Workplace stress and fear of lay-offs can lead to increased rates of worker illness and injury

April 15, 2001

Results of two new studies have practical implications for workers in companies that are downsizing

WASHINGTON -- Modern workplace realities, including the threat of layoffs and working long stressful hours, may be taking more than just a mental toll on your body -- they could be putting your health and safety at risk, according to two studies published in this month's Journal of Occupational Health Psychology, a journal of the American Psychological Association (APA).

In the first study, researchers found that the threat of lay-offs can put workers at risk for workplace injuries and accidents. In this study of 237 food-processing plant employees, employees who feared they might be laid off showed decreased safety motivation and compliance, which are related to higher levels of workplace injuries and accidents.

Psychologist Tahira M. Probst, Ph.D., and Ty L. Brubaker, B.S., of Washington State University Vancouver, surveyed workers at two plants of a large U.S. food processing company which had recently undergone major organizational changes affecting the job security of the company's employees. In the first plant, an entire shift of workers was laid off in preparation for what was rumored to be the eventual shut down of the entire plant. At the other plant, the swing shift was being eliminated in favor of a night shift. Those employees who could not work the night shift, like single-parent employees with no day-care alternatives, were expected to lose their jobs. Employees at both plants were asked to take part in the study at two time periods, immediately after the shift changes were announced, and six months following the organizational restructuring.

The researchers found that those employees who were worried about losing their jobs showed less safety motivation and compliance on the job, which in turn were related to higher levels of workplace injuries and accidents. For the plant workers, that meant an increase in wrist, hand and arm injuries, the most common type of injury associated with food processing plants.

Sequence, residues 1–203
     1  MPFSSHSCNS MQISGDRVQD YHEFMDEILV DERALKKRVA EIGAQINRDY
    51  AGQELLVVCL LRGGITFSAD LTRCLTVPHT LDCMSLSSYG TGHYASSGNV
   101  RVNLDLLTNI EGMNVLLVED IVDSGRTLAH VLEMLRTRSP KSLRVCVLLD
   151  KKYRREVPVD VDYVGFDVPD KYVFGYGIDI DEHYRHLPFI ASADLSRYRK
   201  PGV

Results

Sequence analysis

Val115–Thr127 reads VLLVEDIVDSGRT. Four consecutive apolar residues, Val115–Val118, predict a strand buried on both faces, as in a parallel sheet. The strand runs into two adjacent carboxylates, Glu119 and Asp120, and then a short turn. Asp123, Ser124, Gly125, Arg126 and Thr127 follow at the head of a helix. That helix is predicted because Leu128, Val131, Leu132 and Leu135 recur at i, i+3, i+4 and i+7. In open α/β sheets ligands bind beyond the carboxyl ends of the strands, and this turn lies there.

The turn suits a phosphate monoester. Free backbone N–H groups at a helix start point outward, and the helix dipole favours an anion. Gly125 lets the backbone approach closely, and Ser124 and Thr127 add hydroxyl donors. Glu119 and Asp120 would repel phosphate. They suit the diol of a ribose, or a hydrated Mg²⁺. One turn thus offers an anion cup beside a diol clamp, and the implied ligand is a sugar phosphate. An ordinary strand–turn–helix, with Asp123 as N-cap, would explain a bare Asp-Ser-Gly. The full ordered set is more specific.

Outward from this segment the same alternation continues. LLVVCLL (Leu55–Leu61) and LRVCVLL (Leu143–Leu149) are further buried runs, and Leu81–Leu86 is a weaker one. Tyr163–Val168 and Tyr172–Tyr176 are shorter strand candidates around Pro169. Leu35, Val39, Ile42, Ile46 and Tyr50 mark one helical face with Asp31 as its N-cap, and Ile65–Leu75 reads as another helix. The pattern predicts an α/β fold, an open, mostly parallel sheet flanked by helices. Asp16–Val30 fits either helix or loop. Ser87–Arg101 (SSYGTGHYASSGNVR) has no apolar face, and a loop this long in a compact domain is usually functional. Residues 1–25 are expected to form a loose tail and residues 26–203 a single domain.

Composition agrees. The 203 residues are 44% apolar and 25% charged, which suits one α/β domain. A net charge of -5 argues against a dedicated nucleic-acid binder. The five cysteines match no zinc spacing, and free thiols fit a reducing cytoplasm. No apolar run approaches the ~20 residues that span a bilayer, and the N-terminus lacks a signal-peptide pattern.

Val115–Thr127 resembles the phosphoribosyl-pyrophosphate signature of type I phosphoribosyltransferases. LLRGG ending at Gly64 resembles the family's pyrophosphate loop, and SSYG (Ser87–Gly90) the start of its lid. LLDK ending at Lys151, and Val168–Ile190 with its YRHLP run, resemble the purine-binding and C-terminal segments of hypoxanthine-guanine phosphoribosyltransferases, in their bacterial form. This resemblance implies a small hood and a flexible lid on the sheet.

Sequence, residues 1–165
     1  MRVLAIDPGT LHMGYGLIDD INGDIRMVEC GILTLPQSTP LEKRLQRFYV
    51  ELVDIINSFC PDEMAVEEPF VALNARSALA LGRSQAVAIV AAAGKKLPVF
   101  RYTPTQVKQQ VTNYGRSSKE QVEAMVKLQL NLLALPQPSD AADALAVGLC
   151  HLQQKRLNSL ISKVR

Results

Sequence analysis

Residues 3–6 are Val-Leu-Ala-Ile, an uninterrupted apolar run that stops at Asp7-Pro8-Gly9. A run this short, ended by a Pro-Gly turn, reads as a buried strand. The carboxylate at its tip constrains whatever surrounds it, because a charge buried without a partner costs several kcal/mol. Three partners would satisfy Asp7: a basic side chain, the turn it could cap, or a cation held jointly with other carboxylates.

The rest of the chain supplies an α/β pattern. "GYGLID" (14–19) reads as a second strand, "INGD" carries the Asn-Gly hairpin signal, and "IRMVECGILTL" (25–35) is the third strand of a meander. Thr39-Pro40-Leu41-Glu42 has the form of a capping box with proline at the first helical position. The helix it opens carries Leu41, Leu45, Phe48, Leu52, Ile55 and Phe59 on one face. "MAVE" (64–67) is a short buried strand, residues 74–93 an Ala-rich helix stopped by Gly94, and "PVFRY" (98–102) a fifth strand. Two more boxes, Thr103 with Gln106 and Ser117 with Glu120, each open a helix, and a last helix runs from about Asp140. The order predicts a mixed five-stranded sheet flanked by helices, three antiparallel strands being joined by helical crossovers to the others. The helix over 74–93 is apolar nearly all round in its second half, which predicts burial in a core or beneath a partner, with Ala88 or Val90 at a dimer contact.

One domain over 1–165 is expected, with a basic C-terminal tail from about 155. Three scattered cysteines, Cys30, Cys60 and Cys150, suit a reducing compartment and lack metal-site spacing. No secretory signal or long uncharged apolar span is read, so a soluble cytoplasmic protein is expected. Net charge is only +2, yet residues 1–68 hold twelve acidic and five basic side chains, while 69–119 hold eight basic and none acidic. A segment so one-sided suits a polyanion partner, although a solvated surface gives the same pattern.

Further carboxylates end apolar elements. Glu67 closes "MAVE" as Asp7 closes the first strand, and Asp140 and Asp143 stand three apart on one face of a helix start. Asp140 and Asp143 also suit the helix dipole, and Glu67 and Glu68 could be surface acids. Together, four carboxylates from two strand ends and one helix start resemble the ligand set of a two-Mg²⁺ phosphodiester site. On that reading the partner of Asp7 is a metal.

It is possible, the authors explained, that employees who have to juggle competing job demands of production, quality and safety may feel pressured to cut safety corners to keep their production numbers up, especially if they fear losing their job and are not actively rewarded for safe behavior.

"These results suggest that organizations not only need to consider the effects that employee job insecurity has on the job satisfaction, health and turnover intentions of employees, but also need to consider the possibility that job insecurity can have potentially dangerous implications for employee safety attitudes and behaviors," said the authors.

In the second study, 2,048 workers from across the country were questioned about the impact of their job on their physical and mental health. Researchers Susan L. Ettner, Ph.D., of the University of California, Los Angeles and Joseph G. Grzywacz, Ph.D., of the University of Northern Iowa found that serious on-going work stress and job pressure or working long hours and more shift work resulted in more negative reported effects of work on physical and mental health.

Specifically, those who worked nights or more than 45 hours per week (compared with 35 - 45 hours per week) were more likely to report that their job undermines their health. Individual personality characteristics also were related to workers' perceptions of how their jobs affect their health. Those workers with higher levels of neuroticism (emotionally unstable traits such as anxiousness, nervousness and sadness) and a lower level of extraversion were more likely to believe their job had a negative affect on their health.

According to the authors, policies related to job design may be undermining the health and well-being of their workers. "When a company is faced with decisions to meet production demands in the workplace, running 'lean and mean' could have unseen costs that might be avoided by allowing workers to avoid working chronic overtime and hiring additional temporary help."
Articles: "The Effects of Job Insecurity on Employee Safety Outcomes: Cross-Sectional and Longitudinal Explorations," Tahira M. Probst, Ph.D., and Ty L. Brubaker, B.S., Washington State University Vancouver; Journal of Occupational Health Psychology, Vol. 6, No. 2.

Full text of the article is available from the APA Public Affairs Office or at

Lead author Tahira M. Probst, Ph.D., can be reached after April 11 at (360) 546-9746 or by e-mail at

"Workers' Perceptions of How Jobs Affect Health: A Social Ecological Perspective," Susan L. Ettner, Ph.D., University of California, Los Angeles and Joseph G. Grzywacz, Ph.D., University of Northern Iowa; Journal of Occupational Health Psychology, Vol. 6, No. 2.

Full text of the article is available from the APA Public Affairs Office or at

Lead author Susan L. Ettner, Ph.D., can be reached at (310) 794-2289 or by e-mail at

The American Psychological Association (APA), in Washington, DC, is the largest scientific and professional organization representing psychology in the United States and is the world's largest association of psychologists. APA's membership includes more than 155,000 researchers, educators, clinicians, consultants and students. Through its divisions in 53 subfields of psychology and affiliations with 59 state, territorial and Canadian provincial associations, APA works to advance psychology as a science, as a profession and as a means of promoting human welfare.

American Psychological Association

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